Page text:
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A View That's Askew : The two-man multimedia team Damaged Californians thrives on the unconventional. Now they're experimenting with cable TV.

July 22, 1994|ROBERT KOEHLER | SPECIAL TO THE TIMES; Robert Koehler writes regularly for The Times

VAN NUYS — The shark was scoping out the five-man underwater camera crew cornered in a coral reef off the Belize coast. "It was definitely waiting for one of us to screw up," says Scott Hessels, who with his partner, James Keitel, and three buddies was on a shoot.

And, naturally, they were nearly out of oxygen. Inch by inch, they rose-- sans wet suits--to the surface, trying to avoid the sharp coral along the way. The shark's meal of humans and 16-millimeter camera got away that day in 1992.

Hessels says, however, that he and Keitel, were looking at their mirror image in the underwater creature. "We're like sharks," Hessels says, sitting in the cozy den of Keitel's Van Nuys home. "Both of us never stop moving. We always got to get onto the next project, the next film, the next video, the next show."

In film industry terms, this is definitely a new spin on shark . Hessels and Keitel constitute Damaged Californians, a two-headed, four-legged multimedia entity that refuses to be defined or stand still. They haven't a clue, they admit, how to deal with the Hollywood business type out for blood. "They take us out to lunch," says Hessels, "and lunch is three carrots and broccoli on a huge plate. They don't get what we do at all."

Someone, though, must be getting Damaged Californians' newest work, "Below 30/Above 10,000"--the pair's first feature and the first to be shot on film--because it's on television. Specifically, this weekend on the 90s Channel (carried by United Artists Cable in the Valley), the freewheeling purveyor of independent and home video with a decidedly political bent.

But "Below 30" depicts the spontaneous camping trip of a trio of pals who arrive in the mountains only to overhear--and become dominated by--a running dialogue between (yes) the mountains and the neighboring lake. Underpinning it all is a sense of 20-ish dread, and soundtrack music supplied by such Los Angeles-based musicians as Anna Homler, Musclecar, Acorn, Kaoru and the recently disbanded Ethyl Meatplow.

Why would the documentary-oriented 90s Channel air such a nutty, surreal movie?

"We think it's a really hip combination of art film and ecological film," says 90s Channel project manager Jodi Kimura, by telephone from the channel's offices in Boulder, Colo. "Our channel is about shattering the limits of conventional TV, and Damaged Californians definitely do that in a big way."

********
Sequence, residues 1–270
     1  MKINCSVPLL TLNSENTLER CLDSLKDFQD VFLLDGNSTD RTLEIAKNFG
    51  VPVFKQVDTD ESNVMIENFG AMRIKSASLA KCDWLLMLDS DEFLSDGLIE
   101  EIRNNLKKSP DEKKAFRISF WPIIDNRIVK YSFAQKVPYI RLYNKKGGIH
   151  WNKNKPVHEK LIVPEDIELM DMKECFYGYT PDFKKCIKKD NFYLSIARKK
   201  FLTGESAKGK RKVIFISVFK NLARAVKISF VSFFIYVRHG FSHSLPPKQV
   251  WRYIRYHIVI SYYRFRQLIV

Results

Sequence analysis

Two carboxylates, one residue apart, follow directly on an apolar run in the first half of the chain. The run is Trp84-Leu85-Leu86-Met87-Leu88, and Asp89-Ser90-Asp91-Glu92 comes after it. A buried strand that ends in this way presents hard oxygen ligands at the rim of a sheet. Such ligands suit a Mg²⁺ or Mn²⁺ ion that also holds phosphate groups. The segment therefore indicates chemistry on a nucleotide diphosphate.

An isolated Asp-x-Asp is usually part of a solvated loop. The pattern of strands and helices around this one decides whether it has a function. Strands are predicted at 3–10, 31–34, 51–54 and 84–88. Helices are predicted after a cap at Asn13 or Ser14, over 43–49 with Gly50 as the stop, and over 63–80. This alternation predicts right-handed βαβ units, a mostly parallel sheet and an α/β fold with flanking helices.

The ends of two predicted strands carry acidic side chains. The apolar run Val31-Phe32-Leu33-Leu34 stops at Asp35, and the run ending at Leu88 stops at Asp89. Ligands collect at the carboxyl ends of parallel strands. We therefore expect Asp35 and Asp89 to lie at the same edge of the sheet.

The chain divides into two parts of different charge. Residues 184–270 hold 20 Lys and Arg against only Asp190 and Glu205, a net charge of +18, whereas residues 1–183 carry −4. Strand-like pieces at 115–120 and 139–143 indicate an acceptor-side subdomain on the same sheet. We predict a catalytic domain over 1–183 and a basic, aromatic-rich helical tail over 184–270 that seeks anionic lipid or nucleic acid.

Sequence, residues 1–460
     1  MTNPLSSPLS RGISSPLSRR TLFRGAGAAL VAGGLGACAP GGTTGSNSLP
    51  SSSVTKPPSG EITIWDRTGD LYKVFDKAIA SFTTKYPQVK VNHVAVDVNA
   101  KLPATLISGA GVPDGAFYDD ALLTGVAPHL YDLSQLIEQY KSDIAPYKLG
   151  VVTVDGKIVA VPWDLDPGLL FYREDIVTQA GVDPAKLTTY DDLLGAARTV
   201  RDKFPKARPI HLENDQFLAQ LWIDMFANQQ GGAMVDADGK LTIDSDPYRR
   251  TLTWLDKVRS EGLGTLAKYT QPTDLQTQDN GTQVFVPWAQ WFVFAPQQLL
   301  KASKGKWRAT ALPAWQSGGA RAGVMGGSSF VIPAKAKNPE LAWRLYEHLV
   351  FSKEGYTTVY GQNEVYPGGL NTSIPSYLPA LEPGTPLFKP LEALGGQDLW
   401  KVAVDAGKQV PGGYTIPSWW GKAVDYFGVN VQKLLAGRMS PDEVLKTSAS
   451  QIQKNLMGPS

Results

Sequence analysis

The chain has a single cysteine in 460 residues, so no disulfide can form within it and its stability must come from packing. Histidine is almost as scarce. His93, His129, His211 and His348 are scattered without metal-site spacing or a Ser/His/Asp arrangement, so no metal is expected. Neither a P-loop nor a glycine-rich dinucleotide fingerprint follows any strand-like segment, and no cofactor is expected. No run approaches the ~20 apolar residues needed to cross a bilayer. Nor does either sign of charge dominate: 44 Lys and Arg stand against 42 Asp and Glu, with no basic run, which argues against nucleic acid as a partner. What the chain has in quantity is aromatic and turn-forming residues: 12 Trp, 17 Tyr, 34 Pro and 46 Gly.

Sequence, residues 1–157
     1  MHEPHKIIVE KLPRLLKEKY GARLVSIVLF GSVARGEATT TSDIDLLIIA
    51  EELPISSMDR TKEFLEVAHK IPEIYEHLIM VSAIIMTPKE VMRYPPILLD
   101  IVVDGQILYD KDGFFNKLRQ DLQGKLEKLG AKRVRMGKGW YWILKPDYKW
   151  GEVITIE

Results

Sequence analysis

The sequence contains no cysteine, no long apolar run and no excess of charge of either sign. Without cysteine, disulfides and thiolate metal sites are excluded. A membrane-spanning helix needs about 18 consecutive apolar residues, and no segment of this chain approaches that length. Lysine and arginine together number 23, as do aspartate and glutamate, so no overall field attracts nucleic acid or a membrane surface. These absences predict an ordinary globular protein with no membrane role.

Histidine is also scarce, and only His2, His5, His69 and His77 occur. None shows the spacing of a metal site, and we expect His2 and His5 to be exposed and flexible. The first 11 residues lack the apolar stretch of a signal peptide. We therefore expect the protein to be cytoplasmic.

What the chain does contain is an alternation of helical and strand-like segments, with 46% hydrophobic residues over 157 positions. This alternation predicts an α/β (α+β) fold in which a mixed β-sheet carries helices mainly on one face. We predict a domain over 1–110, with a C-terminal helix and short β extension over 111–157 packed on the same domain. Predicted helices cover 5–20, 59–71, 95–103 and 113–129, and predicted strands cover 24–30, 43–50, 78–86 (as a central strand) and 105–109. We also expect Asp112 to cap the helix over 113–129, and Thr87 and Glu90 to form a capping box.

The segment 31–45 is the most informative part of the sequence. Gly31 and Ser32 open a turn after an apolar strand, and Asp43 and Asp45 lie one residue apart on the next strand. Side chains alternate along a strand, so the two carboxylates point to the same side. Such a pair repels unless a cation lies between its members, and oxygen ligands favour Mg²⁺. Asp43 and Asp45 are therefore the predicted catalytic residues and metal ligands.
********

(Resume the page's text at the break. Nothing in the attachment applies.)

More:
Just a listing of the titles of their video shorts gives an idea how potentially damaged these guys are: "Hillbilly Slid Loudly" (1988), "The Radar of Small Dogs" (1990), "Airline Safety Film 4A" (1991) and "Revolutionary War Filmstrip" (1992). (All, except "Hillbilly," are airing with "Below 30.") As a measure of the developing international cult following for the D-Cals, an Australian band took the name The Radar of Small Dogs in their honor.

But, as Hessels is wont to remind, film and video are only two of the group's several media. They have produced radio projects with their constant music collaborator, Michael Whitmore, including one in which Hessels taped and edited into a montage several older women calling their cats. The D-Cals also like to go live, with performance art that has ranged from an elaborate show held on the opening day of the Los Angeles-to-Long Beach Blue Line commuter train to an act at Kelbo's Tiki Lounge featuring TV monitors as part of their costumes.

It would be wrong, though, to assume that the prolific Hessels and Keitel (already busily preparing their next work, a feature film titled "Wanderlust") are joined at the hip. Keitel says, "We're really different, which is why we're friends"--then Hessels finishes the thought--"and why we work together so well."

Keitel, 30, is ruddy, dark-haired and quiet. Hessels, 36, is slender, light-haired and effortlessly glib. Keitel studied auto technology at Denver's Institute of Technology, "but I didn't want to work on cars the rest of my life, so I took a video editing course at the Denver Free University, the only one in my class who actually wanted to make videos for a living."

Hessels majored in English at the University of Colorado, with a specialty in German literature--"especially (Bertolt) Brecht, and Thomas Mann's fragmented structure."

The D-Cals whittle it down this way: "I like to experiment with story and language," says Hessels, with Keitel adding, "and I like to experiment with things."

They co-produce their works, with Hessels as writer and Keitel as director. Even a brief video like "Radar" typically becomes a months-long project. In that piece, Hessels' entire back yard was given over to "growing weird things, building lots of plastic tubing, so the whole area started looking like an alien planet colony."

They almost outdid themselves, though, filming "Below 30/Above 10,000" on a microscopic, $40,000 budget.

A small crew ventured to the Belize coast for the underwater shooting, but its talented cameraman, Duane Manwiller, then left for paying work.

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